Private Sector Participation and Lead Logistics Partner Services – The key to unlocking the logistics deadlock in Southern Africa

Private Sector Participation and Lead Logistics Partner Services - The key to unlocking the logistics deadlock in Southern Africa

While South African companies are searching for solutions in the face of a failing national carrier and the raining chaos in their supply chains, the private sector needs to accelerate their programme of private sector involvement in creating more effective logistics corridors.

Some movement has been apparent in the recent announcements of Transnet, namely privatising branch lines, accepting private sector rolling stock (wagons) on its network, integrating private security forces with its security on key export corridors, and spinning out of the Transnet port business as a separate entity.

The TFR Concessions Programme, which forms part of Transnet’s Private Sector Participation Plan (PSP), has been formally set out in the Transnet seven-year Corporate Plan. As announced by President Ramaphosa in early 2021, Transnet is embarking on a process of establishing concession opportunities with the support of and in consultation with the Government. The key here is for Transnet to fast-track these activities so that progress in throughput capacity, specifically for key mining commodities, can be demonstrated in the shortest period.  Time is of the essence to save some of the mining houses from inevitable demise.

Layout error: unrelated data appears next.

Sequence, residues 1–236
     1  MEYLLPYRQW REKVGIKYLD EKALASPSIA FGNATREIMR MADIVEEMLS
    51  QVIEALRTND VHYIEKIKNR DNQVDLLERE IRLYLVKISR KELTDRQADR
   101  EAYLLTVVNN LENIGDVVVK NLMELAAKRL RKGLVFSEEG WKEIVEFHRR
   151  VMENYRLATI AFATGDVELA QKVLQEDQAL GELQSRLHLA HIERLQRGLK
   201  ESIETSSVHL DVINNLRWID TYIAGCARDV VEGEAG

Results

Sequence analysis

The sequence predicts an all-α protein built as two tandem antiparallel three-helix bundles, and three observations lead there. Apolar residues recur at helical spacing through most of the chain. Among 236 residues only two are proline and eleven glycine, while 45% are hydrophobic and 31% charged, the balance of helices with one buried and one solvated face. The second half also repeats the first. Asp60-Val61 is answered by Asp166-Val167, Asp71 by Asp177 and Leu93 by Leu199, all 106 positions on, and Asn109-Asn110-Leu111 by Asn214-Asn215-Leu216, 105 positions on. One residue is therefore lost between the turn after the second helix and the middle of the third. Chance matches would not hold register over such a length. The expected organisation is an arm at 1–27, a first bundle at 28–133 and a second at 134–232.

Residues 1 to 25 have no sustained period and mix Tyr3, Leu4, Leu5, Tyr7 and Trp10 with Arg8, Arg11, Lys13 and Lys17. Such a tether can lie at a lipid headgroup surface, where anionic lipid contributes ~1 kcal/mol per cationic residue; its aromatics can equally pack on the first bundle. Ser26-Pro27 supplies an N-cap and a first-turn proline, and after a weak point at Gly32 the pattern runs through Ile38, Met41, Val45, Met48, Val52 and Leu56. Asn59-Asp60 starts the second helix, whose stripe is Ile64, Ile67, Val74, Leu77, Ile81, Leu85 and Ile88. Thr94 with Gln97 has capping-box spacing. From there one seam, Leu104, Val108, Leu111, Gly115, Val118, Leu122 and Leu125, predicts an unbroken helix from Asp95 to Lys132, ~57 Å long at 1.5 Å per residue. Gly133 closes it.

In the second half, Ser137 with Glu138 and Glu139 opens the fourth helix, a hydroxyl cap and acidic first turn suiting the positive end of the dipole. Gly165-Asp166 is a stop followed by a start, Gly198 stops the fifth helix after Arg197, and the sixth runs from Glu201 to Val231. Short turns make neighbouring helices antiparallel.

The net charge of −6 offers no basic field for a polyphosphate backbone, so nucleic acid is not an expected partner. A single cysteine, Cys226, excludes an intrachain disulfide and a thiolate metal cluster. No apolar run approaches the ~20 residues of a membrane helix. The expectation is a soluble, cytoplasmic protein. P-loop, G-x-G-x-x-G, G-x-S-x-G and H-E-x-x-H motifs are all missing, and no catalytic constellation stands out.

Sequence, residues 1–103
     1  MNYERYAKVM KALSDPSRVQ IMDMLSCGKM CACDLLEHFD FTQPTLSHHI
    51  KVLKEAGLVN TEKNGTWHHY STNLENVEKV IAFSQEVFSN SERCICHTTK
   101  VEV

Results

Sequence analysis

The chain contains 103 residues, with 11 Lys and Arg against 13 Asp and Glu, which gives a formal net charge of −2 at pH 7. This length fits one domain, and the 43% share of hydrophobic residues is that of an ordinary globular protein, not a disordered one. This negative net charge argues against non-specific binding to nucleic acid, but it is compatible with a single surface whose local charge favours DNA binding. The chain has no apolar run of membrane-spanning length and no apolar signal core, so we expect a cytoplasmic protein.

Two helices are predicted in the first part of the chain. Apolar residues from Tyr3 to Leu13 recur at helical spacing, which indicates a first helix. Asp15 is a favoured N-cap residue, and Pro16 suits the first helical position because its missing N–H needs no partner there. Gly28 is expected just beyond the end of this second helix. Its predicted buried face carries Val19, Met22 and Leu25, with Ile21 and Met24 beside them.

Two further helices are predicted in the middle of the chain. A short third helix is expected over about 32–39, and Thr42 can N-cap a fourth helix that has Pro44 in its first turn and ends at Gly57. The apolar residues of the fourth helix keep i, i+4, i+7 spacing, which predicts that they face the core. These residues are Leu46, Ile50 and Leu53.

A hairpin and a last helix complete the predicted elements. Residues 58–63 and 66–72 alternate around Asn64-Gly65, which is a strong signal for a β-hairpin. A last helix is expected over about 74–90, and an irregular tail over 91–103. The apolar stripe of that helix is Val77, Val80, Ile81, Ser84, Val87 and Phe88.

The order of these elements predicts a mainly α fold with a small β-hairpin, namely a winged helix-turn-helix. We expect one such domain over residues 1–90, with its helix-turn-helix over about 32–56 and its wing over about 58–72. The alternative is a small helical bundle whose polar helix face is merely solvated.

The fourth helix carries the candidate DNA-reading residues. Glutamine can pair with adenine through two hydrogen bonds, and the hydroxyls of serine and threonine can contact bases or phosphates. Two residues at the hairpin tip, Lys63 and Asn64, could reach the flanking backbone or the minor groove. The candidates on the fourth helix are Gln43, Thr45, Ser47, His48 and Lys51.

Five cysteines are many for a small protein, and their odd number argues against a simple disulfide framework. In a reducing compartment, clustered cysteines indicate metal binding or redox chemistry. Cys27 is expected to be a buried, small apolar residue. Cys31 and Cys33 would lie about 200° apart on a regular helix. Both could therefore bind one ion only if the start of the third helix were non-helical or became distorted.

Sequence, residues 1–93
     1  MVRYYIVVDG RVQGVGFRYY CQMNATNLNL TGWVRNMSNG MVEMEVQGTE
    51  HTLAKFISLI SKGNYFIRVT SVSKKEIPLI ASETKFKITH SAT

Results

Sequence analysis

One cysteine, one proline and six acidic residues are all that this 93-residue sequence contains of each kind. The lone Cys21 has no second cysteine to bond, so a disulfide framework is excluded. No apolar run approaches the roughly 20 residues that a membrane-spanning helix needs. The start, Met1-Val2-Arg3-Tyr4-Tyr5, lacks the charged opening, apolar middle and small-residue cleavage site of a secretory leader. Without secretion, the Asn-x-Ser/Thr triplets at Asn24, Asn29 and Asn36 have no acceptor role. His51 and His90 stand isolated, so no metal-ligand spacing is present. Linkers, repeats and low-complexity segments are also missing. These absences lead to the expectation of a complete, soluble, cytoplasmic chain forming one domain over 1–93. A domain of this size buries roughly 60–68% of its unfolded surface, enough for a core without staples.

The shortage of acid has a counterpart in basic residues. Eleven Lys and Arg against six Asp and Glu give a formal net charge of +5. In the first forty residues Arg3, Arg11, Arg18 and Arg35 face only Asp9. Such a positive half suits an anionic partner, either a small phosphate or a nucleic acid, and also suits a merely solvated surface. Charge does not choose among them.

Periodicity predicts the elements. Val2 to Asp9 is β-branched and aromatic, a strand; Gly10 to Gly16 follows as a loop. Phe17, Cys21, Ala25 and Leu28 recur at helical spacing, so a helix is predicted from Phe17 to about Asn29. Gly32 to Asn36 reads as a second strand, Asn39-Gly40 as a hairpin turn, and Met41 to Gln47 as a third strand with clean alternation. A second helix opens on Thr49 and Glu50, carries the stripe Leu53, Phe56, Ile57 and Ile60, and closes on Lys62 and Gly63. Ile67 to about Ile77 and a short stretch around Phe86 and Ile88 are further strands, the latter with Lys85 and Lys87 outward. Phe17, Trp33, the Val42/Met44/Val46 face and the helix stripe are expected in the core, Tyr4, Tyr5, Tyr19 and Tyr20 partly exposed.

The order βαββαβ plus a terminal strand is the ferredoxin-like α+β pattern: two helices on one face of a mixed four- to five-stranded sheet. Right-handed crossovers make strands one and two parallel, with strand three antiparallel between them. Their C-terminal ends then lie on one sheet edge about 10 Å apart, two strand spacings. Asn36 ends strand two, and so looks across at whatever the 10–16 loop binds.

In 2012, the Southern African Development Community (‘SADC’) published a Regional Infrastructure Development Plan (RIDMP).  Several wet and dry port projects were planned for construction or are currently in the early execution stages to facilitate several new or improved modal interfaces in the Transportation network. The rail link from Mchinji (Malawi) to Chipata (Zambia) would have a cargo terminal to serve the adjacent part of Zambia with rail access through Malawi to the Mozambican seaports. A dry port at Dona Ana and a container terminal at Tete (Mozambique) were planned to rehabilitate the Sena railway line to serve Malawi and eastern Zambia.  Other dry ports were planned for Lusaka, Kitwe, and Edeola in Zambia, outside Dar-es-Salaam in Tanzania, at the Lebombo/Ressano Garcia border between South Africa and Mozambique and Walvis Bay in Namibia. The RIDMP at the time identified key transport projects for roads, railways, inland waterways, land borders, air, and seaports at the cost of 100 US$ billion over the fifteen-year plan period.  The ambitious targets were unfortunately not achieved but should remain the focus of the SADC countries.